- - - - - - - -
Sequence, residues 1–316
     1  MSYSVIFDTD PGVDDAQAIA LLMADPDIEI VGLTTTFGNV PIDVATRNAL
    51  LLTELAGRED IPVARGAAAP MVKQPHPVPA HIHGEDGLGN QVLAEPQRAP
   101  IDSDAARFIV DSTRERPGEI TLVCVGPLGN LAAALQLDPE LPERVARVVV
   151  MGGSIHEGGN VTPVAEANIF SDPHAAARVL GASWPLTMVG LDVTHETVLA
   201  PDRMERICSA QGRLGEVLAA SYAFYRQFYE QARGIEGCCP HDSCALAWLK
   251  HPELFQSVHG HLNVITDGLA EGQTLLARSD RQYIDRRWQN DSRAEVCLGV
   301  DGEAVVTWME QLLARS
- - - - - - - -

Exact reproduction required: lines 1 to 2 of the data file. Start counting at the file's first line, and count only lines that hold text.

Sequence, residues 1–316
     1  MSYSVIFDTD PGVDDAQAIA LLMADPDIEI VGLTTTFGNV PIDVATRNAL